the cells are each additionally protected by a cylindrical jacket 8 of electrolyte-proof material, which may be'paper coated with parafiin or asphalt. This jacket serves to prevent the temperature of the interiorof the cell from rising to an objectionable (X tent when the hot sealing plastic is introduced, and also obstructs the. passage of liquid from the cell throu h fissures in the plastic, which sometimes develop when the battery'is subjected to shocks. I
The invention is not limited to cylindrical cells arranged as shown. Flat cells, or cells of any other desired type, as well as any. desired arrangement, may be adopted. We are-aware that battery constructions in which the cells are embedded in a plastic are old, and we make no claim to this subject matter broadly.' The'present invention, as defined in the appended claim, is distinguished. from such constructions by the provision of an improved structure and method for fa'cilitating'the production of the batteries and for insuring the continuity and impermeability of the plastic surroundin the cells.
i a e claim: Y
1. A battery comprising a casing, a .plurality of cells therein, sealing material completely encasing said cells, and a reinforcmg member of moisture-proof material in thie1 portion of the sealing material under the ce 8.
- 2. A battery comprising a casing, a plurality of cells therein, sealing material comletely encasing said cells, and a continuous ayer of, non-frangible moisture-proof. ma-
terial embedded in the sealing material under the cells and substantially coextensive with the bottom of said casing.
3. A battery comprising a casing, a plurality of cells therein, an insulating, water-' proof cylinder encasing each of said cells, a sheet of insulating material beneath the cells and spaced in part from the bottom of the casing, and a sealing composition abou't'said cells and between said sheet and casing.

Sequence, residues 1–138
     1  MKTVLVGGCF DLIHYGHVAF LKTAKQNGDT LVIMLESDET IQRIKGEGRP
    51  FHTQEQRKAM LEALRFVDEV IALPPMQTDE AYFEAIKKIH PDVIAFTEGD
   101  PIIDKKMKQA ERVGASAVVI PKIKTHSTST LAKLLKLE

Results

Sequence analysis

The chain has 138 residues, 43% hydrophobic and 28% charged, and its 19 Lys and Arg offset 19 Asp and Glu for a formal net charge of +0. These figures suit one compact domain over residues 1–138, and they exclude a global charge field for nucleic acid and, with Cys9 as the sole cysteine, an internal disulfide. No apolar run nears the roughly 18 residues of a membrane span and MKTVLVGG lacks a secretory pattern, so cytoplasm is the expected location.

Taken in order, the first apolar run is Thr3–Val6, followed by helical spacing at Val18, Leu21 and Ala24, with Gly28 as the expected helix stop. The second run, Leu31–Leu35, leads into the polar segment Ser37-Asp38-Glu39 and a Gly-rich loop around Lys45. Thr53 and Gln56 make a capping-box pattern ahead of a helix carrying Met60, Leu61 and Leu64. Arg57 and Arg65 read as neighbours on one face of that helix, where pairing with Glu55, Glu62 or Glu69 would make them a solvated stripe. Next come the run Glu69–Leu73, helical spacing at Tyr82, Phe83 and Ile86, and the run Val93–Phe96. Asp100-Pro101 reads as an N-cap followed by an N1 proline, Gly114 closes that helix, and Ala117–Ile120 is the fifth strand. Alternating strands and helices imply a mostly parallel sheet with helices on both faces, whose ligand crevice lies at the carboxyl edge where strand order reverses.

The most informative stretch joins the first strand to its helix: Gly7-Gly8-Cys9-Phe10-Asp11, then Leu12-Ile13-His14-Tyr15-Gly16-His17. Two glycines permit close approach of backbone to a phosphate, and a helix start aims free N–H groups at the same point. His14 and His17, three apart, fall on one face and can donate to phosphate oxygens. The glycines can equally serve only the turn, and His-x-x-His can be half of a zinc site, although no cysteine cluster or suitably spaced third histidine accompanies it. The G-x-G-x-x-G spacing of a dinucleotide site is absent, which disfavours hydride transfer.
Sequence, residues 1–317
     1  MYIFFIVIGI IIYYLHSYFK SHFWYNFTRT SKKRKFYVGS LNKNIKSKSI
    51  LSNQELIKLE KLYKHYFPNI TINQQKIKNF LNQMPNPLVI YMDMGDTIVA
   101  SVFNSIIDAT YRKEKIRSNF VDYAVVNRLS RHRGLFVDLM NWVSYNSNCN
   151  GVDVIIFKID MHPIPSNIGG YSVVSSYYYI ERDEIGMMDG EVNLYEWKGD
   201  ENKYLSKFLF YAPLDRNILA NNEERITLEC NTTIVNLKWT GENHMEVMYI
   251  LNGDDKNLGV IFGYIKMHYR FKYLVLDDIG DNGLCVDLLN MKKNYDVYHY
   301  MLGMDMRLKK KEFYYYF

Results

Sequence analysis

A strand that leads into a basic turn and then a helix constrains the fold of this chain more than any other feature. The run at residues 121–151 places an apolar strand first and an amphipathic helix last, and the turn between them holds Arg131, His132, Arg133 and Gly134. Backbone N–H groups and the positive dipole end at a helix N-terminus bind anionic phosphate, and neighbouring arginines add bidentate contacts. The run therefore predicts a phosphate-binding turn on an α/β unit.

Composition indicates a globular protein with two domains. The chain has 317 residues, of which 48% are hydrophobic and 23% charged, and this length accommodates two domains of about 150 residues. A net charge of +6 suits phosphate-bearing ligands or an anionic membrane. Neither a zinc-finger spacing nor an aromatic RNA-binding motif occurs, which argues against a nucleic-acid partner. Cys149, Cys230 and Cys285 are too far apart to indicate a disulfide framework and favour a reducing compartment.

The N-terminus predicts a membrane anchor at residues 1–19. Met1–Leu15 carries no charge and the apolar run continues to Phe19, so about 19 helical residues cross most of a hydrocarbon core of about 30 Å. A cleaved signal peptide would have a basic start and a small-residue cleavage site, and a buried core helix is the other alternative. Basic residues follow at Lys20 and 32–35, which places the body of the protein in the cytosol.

4.'A battery comprising a casing, a plurality of cells therein, corrugated material at the bottom of the casing and supporting I the cells, and a sealing composition about than that used for em- It will be understood.
said cells and filling the corrugations of said material. I
5. In a battery, a casing, a plurality of cells in said casing and positioned to receive an insulating plastic therearound, and means for facilitating the distribution of the plastic in a desired portion of the casing, said means comprising a member carrying a substance miscible with the plastic and adapted to increase its fluidity.-
v6. In abattery, a casing, a plurality of cells in said casing and positioned to receive an insulating plastic therearound, and means providing channels under the cells and supporting the cells, said means carrying areadily fusible substance adapted to dissolve in the plastic and to increase the; fluidity thereof.
7. Process -of securing efiicient distribution of plastic used for embedding battery cells, comprising placing adjacent said cells a substance miscible with the plastic and adapted to increase its fluidity.
' 8. Process of embedding battery cells in a plastic insulating composition, comprising placing adjacent a portion of the cells a substance adapted to increase the fluidity of the plastic, and introducing-the plastic at a temperature suflicient to cause admixture of said substance with the plastic, whereby the fluidity of the latter is increased and uniform distribution obtained.
' 9. Process of securing 'eflicient distribution of plastic used for embedding battery cells, at a point remote from that at which the plastic is introduced, comprising placing paraflin adjacent the bottoms of said cells,
and filling the plastic into the battery at a temperature s uflicient to cause it to dissolve the paraflin, whereby the fluidity of the plastic is increased.
. 10. Process of assembling a battery, com- I prising encasing aplurality of cells in waterp'roofinsulating jackets, placing a corrugated. cell-supporting sheetimpregnated with a readily fusible substance in the bottom of a casing-assembling the cells in said "casing, and filling the spaces about and beneath the cells with a plastic insulating material adapted to dissolve saidreadily :Eusible substance and to have its fluidity'in creased thereby.-
In testimony whereof, we aifix our signatures.
' FRANK H. WRIGHT.